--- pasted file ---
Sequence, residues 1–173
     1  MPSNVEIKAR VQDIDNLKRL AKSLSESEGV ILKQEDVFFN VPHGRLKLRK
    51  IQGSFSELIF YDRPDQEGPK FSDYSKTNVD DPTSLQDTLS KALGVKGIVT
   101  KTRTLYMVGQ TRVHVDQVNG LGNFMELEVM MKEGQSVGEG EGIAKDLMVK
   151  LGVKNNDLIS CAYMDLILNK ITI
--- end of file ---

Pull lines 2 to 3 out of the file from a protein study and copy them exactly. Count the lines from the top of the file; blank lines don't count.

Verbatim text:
     1  MPSNVEIKAR VQDIDNLKRL AKSLSESEGV ILKQEDVFFN VPHGRLKLRK
    51  IQGSFSELIF YDRPDQEGPK FSDYSKTNVD DPTSLQDTLS KALGVKGIVT